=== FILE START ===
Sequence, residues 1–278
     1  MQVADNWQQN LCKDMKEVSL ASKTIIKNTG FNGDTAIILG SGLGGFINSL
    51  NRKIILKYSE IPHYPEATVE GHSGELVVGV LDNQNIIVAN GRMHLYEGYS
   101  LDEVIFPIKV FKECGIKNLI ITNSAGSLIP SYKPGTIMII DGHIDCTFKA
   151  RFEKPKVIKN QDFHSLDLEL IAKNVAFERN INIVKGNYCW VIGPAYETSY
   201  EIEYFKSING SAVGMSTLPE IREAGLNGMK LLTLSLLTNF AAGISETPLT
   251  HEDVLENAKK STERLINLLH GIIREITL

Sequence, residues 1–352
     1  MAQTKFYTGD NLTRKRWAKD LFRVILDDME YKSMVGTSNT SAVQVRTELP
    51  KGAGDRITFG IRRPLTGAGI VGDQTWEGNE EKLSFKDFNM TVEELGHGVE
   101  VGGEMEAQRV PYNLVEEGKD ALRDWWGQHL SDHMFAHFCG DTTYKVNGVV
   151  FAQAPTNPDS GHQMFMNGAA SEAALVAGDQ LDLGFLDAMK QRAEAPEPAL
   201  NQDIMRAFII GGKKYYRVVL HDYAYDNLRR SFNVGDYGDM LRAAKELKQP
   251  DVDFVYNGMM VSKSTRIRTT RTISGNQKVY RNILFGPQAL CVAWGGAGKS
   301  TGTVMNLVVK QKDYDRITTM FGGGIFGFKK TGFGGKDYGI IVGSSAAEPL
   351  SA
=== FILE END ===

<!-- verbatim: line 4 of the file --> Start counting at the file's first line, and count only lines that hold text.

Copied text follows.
   101  LDEVIFPIKV FKECGIKNLI ITNSAGSLIP SYKPGTIMII DGHIDCTFKA